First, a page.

PEDIATRIC FOOT OR ANKLE SPRAIN
MAY BE A MORE COMPLEX GROWTH PLATE INJURY
By: Robert H. Sheinberg, D.P.M., D.A.B.P.S., F.A.C.F.A.S.
X-rays can fail to provide a complete and accurate picture of the diagnosis. Injuries to the growth plate in children may cause damage to the structures at the end of the bone, which allows the child’s bone to grow to full adult size. These injuries may be misdiagnosed as a simple sprain of the foot or ankle. However, a more complex injury may be present.
Growth plates, which start to close between the ages of thirteen and eighteen can be damaged in incidents such as simple falls, sports injuries, automobile accidents or other major or minor trauma. If not recognized and treated early, a child’s growth plate injury can lead to shortening of the bone (growth stops) as the growth plate may close prematurely. Angular deformities of the bone (a curve) may also develop. The severity of these deformities depends on the age at the time of injury, the extent of the injury and the part of the growth plate that has been damaged. Certain portions of the growth plate may be injured affecting its growth while other parts grow more normally thus causing a bowing of the bone.
Signs and symptoms of a growth plate injury may mimic a sprain. These injuries occur more frequently than realized. There will always be pinpoint tenderness on the bone’s growth plate and a degree of swelling that is proportional to the degree of injury to the area. The child will often limp and try to avoid the body part. The injured body part may often look deformed. Normal treatment for a sprain may involve simple observation and application of an ace bandage or brace. This treatment for a growth plate injury that is severe may be devastating.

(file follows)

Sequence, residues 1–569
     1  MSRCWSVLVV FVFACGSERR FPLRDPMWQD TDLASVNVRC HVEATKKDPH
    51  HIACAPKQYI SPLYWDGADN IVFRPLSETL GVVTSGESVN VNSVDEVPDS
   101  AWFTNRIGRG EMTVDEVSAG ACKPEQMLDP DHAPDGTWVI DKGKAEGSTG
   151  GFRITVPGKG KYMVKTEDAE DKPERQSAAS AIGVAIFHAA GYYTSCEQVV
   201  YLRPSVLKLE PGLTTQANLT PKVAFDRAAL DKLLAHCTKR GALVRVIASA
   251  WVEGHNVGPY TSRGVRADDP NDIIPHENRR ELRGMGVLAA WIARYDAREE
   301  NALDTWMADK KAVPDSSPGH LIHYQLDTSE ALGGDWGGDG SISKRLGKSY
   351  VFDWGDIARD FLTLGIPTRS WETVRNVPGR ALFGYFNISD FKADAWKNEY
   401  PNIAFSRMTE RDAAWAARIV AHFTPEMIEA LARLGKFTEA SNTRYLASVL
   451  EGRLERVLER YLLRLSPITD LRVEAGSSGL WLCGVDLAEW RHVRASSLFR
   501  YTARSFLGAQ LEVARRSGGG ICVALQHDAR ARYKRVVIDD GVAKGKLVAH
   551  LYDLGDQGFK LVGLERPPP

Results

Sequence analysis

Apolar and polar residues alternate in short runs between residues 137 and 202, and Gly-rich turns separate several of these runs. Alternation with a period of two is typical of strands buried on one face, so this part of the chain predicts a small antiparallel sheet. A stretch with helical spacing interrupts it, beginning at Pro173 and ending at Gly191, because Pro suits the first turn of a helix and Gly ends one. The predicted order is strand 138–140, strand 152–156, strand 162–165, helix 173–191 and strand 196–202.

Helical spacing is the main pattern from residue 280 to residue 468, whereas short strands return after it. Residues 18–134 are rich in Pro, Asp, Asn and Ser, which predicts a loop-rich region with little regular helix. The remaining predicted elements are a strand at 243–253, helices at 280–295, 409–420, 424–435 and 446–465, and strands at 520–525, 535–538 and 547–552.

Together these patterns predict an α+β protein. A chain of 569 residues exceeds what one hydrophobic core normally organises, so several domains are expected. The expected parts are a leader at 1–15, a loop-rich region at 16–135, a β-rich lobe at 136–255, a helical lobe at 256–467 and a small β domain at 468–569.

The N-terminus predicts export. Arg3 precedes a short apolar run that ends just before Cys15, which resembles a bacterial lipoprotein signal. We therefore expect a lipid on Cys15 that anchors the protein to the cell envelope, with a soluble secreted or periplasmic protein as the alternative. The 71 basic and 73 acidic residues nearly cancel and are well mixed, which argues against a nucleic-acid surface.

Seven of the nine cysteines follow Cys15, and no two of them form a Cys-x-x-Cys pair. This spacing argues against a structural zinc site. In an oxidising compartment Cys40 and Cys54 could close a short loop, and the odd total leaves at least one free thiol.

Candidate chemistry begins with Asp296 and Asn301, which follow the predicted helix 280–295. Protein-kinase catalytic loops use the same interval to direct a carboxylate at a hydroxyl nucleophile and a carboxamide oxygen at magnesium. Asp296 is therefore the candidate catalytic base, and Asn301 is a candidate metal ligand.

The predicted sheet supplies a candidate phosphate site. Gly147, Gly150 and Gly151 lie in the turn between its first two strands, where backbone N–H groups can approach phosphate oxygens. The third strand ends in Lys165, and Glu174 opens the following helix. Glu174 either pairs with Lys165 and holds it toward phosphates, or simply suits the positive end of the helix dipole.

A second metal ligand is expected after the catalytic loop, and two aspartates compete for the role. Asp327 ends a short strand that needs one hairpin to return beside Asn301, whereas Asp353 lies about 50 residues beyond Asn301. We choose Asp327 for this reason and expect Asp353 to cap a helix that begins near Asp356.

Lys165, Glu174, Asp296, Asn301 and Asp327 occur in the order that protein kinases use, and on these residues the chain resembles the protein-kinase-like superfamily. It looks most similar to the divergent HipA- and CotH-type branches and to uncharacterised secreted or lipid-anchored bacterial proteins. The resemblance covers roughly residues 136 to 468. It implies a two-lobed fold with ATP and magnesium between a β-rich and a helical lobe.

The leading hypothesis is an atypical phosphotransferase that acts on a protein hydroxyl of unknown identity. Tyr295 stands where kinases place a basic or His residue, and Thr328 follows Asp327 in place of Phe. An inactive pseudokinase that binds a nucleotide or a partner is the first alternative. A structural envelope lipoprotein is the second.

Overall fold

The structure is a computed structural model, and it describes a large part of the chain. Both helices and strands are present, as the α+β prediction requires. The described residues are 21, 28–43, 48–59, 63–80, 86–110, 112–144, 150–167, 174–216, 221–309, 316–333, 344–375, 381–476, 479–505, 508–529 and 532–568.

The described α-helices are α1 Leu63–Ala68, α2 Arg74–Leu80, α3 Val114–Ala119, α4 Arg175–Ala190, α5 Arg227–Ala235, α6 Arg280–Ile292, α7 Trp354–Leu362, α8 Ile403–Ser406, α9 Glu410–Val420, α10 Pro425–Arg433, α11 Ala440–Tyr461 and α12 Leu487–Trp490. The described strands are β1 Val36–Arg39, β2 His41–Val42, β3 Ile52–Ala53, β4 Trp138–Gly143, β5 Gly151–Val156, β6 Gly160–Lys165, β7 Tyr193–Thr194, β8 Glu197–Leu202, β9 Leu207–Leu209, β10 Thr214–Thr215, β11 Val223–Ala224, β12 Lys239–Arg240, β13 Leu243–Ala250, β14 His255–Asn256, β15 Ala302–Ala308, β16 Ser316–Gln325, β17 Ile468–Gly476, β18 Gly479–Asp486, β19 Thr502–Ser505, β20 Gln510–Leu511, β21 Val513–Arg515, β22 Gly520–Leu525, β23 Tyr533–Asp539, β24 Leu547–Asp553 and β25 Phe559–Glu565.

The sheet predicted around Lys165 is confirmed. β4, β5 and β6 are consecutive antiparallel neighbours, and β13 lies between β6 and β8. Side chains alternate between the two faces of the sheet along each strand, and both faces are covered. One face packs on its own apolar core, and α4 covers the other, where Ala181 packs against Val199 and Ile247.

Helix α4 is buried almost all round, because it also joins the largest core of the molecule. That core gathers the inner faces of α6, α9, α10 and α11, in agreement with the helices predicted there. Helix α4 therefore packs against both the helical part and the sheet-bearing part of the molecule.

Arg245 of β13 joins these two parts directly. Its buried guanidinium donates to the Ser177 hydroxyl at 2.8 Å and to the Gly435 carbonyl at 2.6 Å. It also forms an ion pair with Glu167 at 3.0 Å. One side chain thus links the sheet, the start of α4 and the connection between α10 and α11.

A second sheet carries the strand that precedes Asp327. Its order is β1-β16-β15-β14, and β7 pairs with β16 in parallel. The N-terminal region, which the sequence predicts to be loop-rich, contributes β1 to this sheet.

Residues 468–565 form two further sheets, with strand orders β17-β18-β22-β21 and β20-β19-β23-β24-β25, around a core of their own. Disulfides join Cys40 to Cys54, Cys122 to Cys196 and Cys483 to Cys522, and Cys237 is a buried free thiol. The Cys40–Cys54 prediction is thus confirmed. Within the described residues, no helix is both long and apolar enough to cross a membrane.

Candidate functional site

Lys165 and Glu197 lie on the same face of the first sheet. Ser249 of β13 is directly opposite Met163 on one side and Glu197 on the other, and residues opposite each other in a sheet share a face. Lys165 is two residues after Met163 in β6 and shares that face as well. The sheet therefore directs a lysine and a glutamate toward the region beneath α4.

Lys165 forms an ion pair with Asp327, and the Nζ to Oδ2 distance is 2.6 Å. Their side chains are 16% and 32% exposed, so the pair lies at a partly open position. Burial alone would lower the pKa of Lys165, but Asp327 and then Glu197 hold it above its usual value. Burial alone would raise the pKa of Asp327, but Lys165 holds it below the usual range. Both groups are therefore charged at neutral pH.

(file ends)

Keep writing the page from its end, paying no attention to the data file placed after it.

X-rays are always taken to visualize the bone injury. In some cases, the x-rays may be negative. However, the tenderness that is felt by the patient is always indicative of a simple fracture to the growth plate despite these negative x-ray findings. In more moderate to severe cases, the bone injury may be visualized. When in doubt a CT scan may be needed to further evaluate the bone injury.
Treatment Options (early diagnosis is crucial):
- Immobilization in a below-the-knee cast with or without crutches may be necessary if the growth plate is well aligned. These injuries will heal on their own within six to eight weeks. The younger the child, the faster the healing process.
- If the injury has caused misalignment of the growth plate it can sometimes be carefully manipulated back into place and then protected with a cast. The cast would be necessary for a minimum of six to eight weeks. Nonweightbearing would be mandatory for part of that time.
- If the misalignment is more severe and not able to be manipulated back into its normal position, surgery would be necessary to restore the growth plate to its proper position. This may help avoid later problems including malalignment or premature growth plate closure that may cause the extremity to be shortened and crooked. The most important thing is immediate diagnosis and treatment.